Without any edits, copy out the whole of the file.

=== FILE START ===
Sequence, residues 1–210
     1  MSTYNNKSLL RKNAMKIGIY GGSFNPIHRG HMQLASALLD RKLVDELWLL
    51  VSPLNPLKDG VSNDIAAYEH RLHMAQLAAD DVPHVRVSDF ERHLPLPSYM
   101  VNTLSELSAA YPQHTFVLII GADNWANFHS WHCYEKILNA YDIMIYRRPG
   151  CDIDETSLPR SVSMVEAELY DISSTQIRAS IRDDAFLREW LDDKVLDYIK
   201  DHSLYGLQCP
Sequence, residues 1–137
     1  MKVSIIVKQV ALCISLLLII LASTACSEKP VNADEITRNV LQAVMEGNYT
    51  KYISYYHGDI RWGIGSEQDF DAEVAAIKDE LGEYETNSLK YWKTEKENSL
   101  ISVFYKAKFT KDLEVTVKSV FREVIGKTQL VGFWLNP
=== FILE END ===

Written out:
Sequence, residues 1–210
     1  MSTYNNKSLL RKNAMKIGIY GGSFNPIHRG HMQLASALLD RKLVDELWLL
    51  VSPLNPLKDG VSNDIAAYEH RLHMAQLAAD DVPHVRVSDF ERHLPLPSYM
   101  VNTLSELSAA YPQHTFVLII GADNWANFHS WHCYEKILNA YDIMIYRRPG
   151  CDIDETSLPR SVSMVEAELY DISSTQIRAS IRDDAFLREW LDDKVLDYIK
   201  DHSLYGLQCP
Sequence, residues 1–137
     1  MKVSIIVKQV ALCISLLLII LASTACSEKP VNADEITRNV LQAVMEGNYT
    51  KYISYYHGDI RWGIGSEQDF DAEVAAIKDE LGEYETNSLK YWKTEKENSL
   101  ISVFYKAKFT KDLEVTVKSV FREVIGKTQL VGFWLNP